Four researchers sit at work stations wearing safety suits

Expert Task Force Releases Framework for Safer Pathogen Research

February 29, 2024

A new report by the Bulletin of the Atomic Scientists’ Independent Task Force on Research with Pandemic Risks proposes a new framework for more safe, secure, and responsible pathogen research. The findings and recommendations of the new report, titled “A Framework For Tomorrow’s Pathogen Research,” were presented at the United Nations Headquarters in New York City.

Formed in the wake of the COVID-19 pandemic, the task force is composed of experts with backgrounds in biosafety, biosecurity, epidemiology, ethics, governance, virology, and other areas who endorse the report. Among its members is W. Ian Lipkin, MD, director of the Center for Infection and Immunity and John Snow Professor of Epidemiology at Columbia University Mailman School of Public Health.

“Research with infectious agents is essential for clinical medicine and public health. Our goals in drafting this report were to provide guidelines for ensuring that this research can be done safely and to enhance public support for it,” says Lipkin.

The report discusses the potential benefits of virology research and outlines how advances in science and technology potentially increase certain benefits. It then focuses on some of the potential risks of virology research, including biosafety and biosecurity, and outlines how advances in science and technology potentially increase some of these risks. The task force examined ethical obligations to make research with pandemic risks more safe, secure, and responsible, suggesting actionable and sustainable strategies to effectively maximize the potential benefits and mitigate the foreseeable potential harms of research with known or potential pandemic pathogens while attending to issues of equity and proportionality.

The report reviews the contemporary governance space for research with known or potential pandemic pathogens and argues that effective legislation, regulations, policies, and guidelines specifically regulating such research will strengthen the scientific enterprise and should be put in place without delay. It discusses challenges in building and sustaining trust in science in general and research with pandemic risks more specifically.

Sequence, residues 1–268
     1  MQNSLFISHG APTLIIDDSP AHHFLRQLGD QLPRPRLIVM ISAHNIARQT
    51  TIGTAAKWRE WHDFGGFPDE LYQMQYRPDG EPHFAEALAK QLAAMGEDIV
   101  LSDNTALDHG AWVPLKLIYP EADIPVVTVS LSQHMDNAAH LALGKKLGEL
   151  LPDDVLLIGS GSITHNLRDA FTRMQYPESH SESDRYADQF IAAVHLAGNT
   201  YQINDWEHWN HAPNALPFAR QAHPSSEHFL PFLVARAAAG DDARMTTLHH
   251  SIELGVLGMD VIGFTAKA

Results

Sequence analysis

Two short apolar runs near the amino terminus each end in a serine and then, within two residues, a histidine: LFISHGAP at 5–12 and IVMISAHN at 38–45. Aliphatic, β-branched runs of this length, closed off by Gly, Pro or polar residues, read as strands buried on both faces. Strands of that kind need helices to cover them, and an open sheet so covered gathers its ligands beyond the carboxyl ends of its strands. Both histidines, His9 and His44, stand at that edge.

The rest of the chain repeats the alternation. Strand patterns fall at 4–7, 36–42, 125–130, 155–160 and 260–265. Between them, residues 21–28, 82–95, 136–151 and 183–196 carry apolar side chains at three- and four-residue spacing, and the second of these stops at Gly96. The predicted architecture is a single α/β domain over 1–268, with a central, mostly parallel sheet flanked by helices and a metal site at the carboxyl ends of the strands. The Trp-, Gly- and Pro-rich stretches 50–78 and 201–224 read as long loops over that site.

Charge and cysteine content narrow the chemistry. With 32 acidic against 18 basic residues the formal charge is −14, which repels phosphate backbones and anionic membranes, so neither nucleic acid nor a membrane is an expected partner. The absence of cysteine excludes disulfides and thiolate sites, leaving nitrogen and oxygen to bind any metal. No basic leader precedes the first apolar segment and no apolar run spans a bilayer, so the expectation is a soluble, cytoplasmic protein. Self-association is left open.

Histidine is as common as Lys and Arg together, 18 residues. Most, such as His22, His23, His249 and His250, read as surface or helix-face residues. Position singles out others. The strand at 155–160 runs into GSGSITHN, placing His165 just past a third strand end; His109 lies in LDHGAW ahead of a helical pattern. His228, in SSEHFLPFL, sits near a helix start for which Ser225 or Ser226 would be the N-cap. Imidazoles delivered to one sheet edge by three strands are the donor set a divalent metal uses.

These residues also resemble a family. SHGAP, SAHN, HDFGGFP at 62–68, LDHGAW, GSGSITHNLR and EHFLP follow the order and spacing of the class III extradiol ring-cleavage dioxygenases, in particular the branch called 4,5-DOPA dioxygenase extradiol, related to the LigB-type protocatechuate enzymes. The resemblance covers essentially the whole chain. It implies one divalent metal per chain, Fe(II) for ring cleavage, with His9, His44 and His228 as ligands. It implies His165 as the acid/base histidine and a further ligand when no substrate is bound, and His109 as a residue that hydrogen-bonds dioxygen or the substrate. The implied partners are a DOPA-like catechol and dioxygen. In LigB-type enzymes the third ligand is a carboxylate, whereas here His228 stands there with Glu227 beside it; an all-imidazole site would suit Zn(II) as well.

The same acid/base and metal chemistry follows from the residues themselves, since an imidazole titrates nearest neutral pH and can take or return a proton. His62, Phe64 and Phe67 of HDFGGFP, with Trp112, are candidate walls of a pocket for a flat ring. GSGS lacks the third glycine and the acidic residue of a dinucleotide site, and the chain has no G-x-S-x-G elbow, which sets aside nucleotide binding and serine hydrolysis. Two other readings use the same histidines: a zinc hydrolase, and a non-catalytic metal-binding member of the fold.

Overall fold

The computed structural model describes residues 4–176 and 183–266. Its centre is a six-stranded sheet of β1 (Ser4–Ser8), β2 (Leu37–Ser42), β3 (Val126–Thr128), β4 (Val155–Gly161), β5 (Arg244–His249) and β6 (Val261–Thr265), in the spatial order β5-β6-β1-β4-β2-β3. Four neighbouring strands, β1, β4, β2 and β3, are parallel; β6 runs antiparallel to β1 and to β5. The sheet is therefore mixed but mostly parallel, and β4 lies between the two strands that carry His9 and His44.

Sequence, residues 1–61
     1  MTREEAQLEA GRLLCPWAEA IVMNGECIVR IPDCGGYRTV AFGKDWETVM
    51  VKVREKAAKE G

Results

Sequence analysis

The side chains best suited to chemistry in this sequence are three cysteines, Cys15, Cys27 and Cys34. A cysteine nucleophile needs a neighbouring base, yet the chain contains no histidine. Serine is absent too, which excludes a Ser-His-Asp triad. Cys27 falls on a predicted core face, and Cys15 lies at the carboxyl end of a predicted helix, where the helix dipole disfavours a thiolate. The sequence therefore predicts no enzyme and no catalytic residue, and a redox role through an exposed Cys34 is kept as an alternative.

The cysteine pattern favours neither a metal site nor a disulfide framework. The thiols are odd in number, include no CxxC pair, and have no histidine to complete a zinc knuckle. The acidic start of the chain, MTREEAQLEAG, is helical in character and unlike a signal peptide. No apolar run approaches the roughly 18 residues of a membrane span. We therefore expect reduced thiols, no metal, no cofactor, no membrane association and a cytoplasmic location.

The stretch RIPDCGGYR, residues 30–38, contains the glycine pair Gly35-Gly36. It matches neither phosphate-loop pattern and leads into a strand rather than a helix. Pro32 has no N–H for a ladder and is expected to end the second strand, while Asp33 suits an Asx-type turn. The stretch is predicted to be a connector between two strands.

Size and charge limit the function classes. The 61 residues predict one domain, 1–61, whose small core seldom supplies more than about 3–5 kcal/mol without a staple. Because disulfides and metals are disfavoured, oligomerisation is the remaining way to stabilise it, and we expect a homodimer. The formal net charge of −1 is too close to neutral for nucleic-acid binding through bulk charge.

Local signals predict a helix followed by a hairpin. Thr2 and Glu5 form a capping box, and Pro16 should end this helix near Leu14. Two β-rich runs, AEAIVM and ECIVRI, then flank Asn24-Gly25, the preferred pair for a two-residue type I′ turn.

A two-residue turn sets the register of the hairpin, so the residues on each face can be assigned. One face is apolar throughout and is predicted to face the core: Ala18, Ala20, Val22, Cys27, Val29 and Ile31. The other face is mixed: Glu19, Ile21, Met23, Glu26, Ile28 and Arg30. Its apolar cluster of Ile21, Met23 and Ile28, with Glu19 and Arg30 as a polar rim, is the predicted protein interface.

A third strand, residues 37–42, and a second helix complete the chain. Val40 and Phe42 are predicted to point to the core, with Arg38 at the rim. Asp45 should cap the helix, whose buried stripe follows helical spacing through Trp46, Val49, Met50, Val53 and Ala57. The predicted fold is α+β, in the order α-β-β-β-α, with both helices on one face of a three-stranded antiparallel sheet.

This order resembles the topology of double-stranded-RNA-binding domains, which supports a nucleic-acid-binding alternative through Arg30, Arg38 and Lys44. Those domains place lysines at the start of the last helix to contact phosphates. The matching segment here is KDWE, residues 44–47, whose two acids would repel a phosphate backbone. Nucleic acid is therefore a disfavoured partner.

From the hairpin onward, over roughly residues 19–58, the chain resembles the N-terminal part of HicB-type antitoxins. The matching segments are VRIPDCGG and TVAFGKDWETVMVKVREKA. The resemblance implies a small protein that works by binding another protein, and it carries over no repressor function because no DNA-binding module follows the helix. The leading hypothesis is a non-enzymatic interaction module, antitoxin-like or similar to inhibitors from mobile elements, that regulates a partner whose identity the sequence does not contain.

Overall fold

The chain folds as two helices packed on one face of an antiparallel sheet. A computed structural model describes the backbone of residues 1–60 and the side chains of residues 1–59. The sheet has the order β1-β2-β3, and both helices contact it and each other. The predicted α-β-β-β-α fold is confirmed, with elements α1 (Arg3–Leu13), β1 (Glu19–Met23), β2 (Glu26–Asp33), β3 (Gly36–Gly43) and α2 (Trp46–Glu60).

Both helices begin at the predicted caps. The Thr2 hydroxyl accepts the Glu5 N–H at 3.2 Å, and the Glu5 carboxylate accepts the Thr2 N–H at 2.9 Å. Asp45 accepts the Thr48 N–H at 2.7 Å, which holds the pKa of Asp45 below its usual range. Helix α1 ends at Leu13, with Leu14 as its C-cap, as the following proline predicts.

Key recommendations include:

  • Research with high-risk pathogens should have high-probability benefits for public health.
  • Where feasible, research questions about pathogens with pandemic risk should be addressed using surrogate systems, or by taking advantage of loss-of-function experiments on current human viruses.
  • International protocols should be established for high-risk research on pathogens. Those protocols should include methods for both sample collection and laboratory work.
  • High-risk pathogen research should be monitored locally, nationally, and internationally. Funds should be allocated to optimize biorisk management strategies. 
  • Scientific journals and their editors should enforce timely data-sharing and research integrity for the manuscripts they publish.

Currently, across the world, most occupational health and safety governance adequately weighs the direct biosafety risks to the researcher in the laboratory, but there is a small subset of research on known or potential pandemic pathogens for which biosafety risks go beyond the laboratory and affect the health of significantly larger groups of humans or other animals. If a virus has true pandemic potential, the entire world can be affected by an accident. Since navigating high-risk research with pandemic risks warrants additional precautions, the task force’s overarching aim is to create a safe, secure, and responsible research environment for researchers, and in so doing, to earn public trust.

(Read more at the Bulletin of the Atomic Scientists.)